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Team Work

May 1, 1998
by Lisa Paul
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Healthcare is no longer about payor or provider, it’s about payor and provider

THE REASONS SURROUNDING managed care’s rise to fame (160 million members in the United States) vary from employers cutting costs to government agencies (Medicare and Medicaid) contracting directly with capitated payors.

Cutting healthcare costs and improving the quality of care have been managed care’s goals. And many experts, including those at The Economist, would agree that "thanks to HMOs, America’s healthcare system works better than it used to. The advantages of managed care outweigh the drawbacks."

There is, however, little time for healthcare organizations to revel in lower costs and higher quality. Change is inevitable.

"The tradition of managed care is beginning to shift to what some people, like Jeremy Nobel of the Harvard School of Public Health, are calling ’the era of post-managed care,’" explains Tom Morrison, a partner at Firepond Partners, Inc., Boston. "Exactly what this will be is unclear."

What is clear, according to Morrison and others, is that better communication and integration of information systems across the healthcare enterprise will grow in importance in the next few years. Providers and payors--though their objectives remain somewhat separate--must learn to work together.

"Health plans will need to implement information systems that allow them to communicate with members, employer groups and large numbers of loosely affiliated providers," Morrison says.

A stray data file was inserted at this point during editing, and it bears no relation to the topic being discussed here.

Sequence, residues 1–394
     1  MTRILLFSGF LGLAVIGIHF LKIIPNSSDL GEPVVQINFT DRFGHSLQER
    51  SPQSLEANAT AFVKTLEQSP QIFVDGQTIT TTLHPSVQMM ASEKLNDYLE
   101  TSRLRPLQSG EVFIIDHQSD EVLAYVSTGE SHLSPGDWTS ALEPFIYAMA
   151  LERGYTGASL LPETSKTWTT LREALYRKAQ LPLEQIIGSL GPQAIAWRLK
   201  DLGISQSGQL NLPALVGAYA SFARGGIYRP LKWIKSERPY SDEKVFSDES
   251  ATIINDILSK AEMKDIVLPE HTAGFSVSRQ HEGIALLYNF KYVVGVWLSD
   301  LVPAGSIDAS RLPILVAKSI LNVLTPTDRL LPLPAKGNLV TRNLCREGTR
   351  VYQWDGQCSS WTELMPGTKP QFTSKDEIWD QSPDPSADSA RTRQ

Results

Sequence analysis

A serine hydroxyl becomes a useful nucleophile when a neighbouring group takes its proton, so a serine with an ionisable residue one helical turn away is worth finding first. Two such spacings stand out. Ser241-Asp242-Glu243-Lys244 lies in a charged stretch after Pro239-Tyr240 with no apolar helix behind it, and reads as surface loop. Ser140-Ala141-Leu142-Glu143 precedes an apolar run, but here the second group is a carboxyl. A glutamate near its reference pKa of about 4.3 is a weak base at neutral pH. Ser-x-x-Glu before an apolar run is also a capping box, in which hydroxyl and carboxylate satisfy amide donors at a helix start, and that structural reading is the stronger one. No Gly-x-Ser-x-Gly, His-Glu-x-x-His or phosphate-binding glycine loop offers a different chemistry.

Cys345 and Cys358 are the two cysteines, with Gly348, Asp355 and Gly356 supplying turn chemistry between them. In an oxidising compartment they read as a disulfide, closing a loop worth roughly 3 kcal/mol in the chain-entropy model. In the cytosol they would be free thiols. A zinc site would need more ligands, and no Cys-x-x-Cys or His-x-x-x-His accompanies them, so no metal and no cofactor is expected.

Simmi Singh, vice president at CNA Consulting Group, Chicago, agrees. She cites clinical information systems as a necessary area of IT convergence. "Payors analyze the information for payment adjudication and medical management purposes. Providers use it to make real-time decisions related to episodes of care."

But the fact remains that managed care is healthcare, and as such, payors and providers must stop competing with similar ideas. "I believe that the relationship between payors and providers is going to go from competitive to cooperative--not just because we are all one big happy family, but because it is going to be essential to maintain care quality, access and profitability," Singh says.

Roy Ziegler, vice president at First Consulting Group, Long Beach, Calif., adds that the more seamless healthcare becomes the more satisfied consumers will be. "If a member calls up a health plan and the health plan has delegated a lot of responsibility, as well as risk, the health plan administrators might say ’you have to call your provider,’" Ziegler says. "The more [payors and providers] can collaborate, the less fragmented they will seem to the consumer."

Information systems and the engineers that design the software can help both sides pool their resources to completely integrate the healthcare industry.

Paul Smolke, healthcare managed care/payor industry marketing manager at Microsoft, Redmond, Wash., says that the most pressing technological need for both payors and providers is integration of information. It seems, as some traditionally provider-focused vendors begin exploring the payor market, that Smolke is not alone in his assumption. While a few vendors persist in seeing managed care as a passing fad, more and more companies (HBOC, IBM, Microsoft and Siemens, for example) are setting up divisions focused solely on the payor market.

Other vendors, such as Rothenberg Associates, are partnering their traditional financial systems with clinical IT companies. In this case, Rothenberg officials are forming a strategic alliance with InterQual--experts in clinical decision support.

As providers and payors begin working together to collect data, information technology can help provide the expertise and resources necessary to move healthcare into the next millennium.

Lisa Paul is senior editor at Healthcare Informatics.